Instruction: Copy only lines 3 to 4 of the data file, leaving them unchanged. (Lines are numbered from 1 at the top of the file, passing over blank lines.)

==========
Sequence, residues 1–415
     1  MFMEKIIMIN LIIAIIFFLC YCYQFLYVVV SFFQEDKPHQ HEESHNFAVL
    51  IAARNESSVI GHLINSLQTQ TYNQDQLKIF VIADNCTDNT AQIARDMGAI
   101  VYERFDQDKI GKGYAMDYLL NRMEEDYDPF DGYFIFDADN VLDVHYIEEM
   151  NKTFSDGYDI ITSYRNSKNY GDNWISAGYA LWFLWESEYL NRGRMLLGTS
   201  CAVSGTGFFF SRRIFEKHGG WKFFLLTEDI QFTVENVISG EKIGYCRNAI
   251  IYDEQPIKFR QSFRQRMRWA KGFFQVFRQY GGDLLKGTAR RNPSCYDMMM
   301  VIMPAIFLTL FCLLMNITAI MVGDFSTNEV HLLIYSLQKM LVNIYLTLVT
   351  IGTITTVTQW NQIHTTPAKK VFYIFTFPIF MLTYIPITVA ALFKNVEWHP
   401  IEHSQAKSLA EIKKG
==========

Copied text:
    51  IAARNESSVI GHLINSLQTQ TYNQDQLKIF VIADNCTDNT AQIARDMGAI
   101  VYERFDQDKI GKGYAMDYLL NRMEEDYDPF DGYFIFDADN VLDVHYIEEM